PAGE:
STRESS AND ANXIETY – DO YOU NEED ‘NERVE PILLS’?

by stresswinner on March 5, 2010

“It requires a great deal of inexperience to be beyond the reach of anxiety”. (anon)
This is the age of anxiety!  Seventy percent of people today are stressed out from overload – working harder for the same pay, juggling family and work, and worrying about money.  As well, some people have Anxiety disorders such as panic, phobias, obsessions and compulsions – illnesses in which anxiety comes from within. To reduce stress and anxiety effectively we need to understand our symptoms and emotions, worry accurately, learn coping strategies, and find  support.  But  there must be an easier way – what about  ’nerve pills’?
A tranquillizer can calm racing minds, slow pounding hearts, ease tight breathing, relax tight, painful muscles and help us sleep. The Benzodiazepines, such as ‘Xanax’ (alprazolam – short-acting)  or ‘Rivotril’ (clonazepam – longer acting)  can help in dealing with major life stresses especially if taken at night when anxiety symptoms such as insomnia interfere significantly with work or caring for a child.
But taking more than just occasional doses can cause problems. Tranquillizers have potentially dangerous side effects including reduced mental alertness, concentration and memory, as well as physical unsteadiness. Driving may become dangerous, they may precipitate a depression and react badly with alcohol. Regular use can lead to tolerance and increasing doses – people in abusive situations or who have problems with alcohol or other drugs seem to be especially at risk for this.  Tranquillizers must be stopped gradually, or you risk dangerous withdrawal symptoms, including seizures. In most stressful situations, it would be better  to experience and express our emotions rather than just numbing them, and apply the energy of anxiety to finding healthier ways to become equal to the stress.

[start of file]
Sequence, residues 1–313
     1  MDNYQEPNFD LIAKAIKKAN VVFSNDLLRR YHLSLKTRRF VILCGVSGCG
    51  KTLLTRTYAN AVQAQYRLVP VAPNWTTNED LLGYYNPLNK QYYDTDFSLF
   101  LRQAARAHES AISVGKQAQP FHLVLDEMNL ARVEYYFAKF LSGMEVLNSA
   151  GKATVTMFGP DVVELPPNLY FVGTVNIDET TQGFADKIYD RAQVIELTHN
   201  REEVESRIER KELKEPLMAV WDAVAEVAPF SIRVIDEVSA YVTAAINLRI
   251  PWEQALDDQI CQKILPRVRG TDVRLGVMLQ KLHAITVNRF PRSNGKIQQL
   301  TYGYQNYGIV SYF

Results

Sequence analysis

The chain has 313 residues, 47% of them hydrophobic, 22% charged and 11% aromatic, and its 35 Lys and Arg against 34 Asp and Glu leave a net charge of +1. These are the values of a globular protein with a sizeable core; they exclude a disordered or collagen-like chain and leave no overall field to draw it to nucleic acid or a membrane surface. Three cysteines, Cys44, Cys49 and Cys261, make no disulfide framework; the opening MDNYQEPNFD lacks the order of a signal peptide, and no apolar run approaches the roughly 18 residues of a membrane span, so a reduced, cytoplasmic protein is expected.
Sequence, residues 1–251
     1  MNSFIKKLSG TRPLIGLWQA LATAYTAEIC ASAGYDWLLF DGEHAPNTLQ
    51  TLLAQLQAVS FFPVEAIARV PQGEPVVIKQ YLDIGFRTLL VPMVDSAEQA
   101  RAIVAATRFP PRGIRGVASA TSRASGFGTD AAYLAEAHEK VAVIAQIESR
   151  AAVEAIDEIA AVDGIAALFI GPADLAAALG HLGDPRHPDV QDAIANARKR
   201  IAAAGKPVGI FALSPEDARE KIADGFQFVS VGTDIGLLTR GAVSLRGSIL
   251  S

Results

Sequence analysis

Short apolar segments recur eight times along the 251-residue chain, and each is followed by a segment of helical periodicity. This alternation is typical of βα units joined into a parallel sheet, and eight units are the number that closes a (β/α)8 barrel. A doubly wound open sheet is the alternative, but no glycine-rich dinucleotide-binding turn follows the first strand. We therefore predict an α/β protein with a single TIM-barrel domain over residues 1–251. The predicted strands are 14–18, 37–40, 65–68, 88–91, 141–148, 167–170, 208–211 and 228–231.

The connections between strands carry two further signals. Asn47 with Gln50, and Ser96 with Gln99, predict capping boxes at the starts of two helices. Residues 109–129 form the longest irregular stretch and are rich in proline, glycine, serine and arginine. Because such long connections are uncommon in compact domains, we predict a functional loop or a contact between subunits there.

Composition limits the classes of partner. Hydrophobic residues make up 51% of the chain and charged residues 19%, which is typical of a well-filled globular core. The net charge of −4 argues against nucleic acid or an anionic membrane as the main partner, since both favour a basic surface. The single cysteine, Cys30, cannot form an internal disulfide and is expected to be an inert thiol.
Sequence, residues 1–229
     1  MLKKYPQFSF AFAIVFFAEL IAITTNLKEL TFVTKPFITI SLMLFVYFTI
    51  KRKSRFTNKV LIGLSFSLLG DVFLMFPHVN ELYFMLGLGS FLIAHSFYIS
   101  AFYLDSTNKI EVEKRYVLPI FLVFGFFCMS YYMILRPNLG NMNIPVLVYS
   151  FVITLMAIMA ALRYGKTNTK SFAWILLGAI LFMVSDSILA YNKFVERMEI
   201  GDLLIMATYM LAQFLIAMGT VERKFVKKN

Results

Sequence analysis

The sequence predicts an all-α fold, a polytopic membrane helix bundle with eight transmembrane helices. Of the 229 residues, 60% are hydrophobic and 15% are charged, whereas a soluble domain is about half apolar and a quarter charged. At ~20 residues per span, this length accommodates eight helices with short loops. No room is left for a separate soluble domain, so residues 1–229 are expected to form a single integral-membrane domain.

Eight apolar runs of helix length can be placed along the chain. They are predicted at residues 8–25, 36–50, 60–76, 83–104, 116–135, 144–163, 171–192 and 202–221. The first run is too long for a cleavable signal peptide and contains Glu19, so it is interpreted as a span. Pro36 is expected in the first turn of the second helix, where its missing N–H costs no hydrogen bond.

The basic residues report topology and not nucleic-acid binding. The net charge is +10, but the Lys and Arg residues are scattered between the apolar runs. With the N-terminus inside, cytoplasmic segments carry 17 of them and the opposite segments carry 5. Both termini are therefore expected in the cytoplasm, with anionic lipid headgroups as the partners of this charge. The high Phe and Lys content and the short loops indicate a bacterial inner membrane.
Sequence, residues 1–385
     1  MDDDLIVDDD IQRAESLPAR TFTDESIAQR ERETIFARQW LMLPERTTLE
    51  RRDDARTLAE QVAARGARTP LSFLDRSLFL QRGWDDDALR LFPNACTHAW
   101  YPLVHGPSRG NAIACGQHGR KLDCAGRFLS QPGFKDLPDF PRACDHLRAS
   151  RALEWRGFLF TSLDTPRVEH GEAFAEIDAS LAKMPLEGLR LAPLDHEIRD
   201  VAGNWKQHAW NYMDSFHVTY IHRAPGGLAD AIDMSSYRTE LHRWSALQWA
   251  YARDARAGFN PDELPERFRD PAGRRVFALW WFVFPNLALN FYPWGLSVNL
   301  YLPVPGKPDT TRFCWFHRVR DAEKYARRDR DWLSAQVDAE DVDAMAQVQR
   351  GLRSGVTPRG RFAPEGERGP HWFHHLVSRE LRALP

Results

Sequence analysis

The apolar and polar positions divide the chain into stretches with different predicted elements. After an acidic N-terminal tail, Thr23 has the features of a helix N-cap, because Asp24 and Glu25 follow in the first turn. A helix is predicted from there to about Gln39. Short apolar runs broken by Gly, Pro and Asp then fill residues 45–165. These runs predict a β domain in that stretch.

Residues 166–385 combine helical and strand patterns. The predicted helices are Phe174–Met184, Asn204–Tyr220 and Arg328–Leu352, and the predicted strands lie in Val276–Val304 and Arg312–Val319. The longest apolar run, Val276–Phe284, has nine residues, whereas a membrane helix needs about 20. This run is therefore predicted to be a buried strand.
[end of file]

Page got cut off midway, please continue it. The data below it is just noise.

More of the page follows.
Anxiety disorders such as generalized anxiety, panic, phobias, obsessions and compulsions, have much more severe  symptoms and anti-anxiety medications  may be invaluable in allowing us to function, at least in the early stages.  But in the long run  it’s best to correct any underlying biochemical imbalance using antidepressant drugs such as ‘Paxil’ or ‘Zoloft’.  These damp down excessive or obsessional worry without making you dopey, reduce the frequency and severity of panic attacks and treat the depression which is often part of mood disorders.  Knowing you can control your anxiety improves motivation to find more long lasting success through self-management. However, a few people need to take medication indefinitely just to function adequately, and they shouldn’t feel any more guilty about it then a person with diabetes taking insulin.
Anxiety disorders can start young – many students quit high school because of a phobia about public speaking. If we started teaching about anxiety and coping skills early, perhaps we could reduce the rates of serious anxiety disorders and alcohol and drug abuse.
Tranquilizers really help in disabling anxiety,  but using drugs (or alcohol) to handle the common stresses of modern life is dangerous – like painting over a rust spot on your car without removing the rust.   If you do take tranquilizers, work closely with your doctor, aiming to gradually reduce the dose while learning  effective coping techniques. Ask your doctor about cognitive-behavioural therapy, anxiety programs, and support groups. Yoga, relaxation, some herbal remedies and acupuncture can also be helpful. Read books and learn from others who have recovered, because with knowledge, skills, support and persistence, the battle against anxiety can be won!

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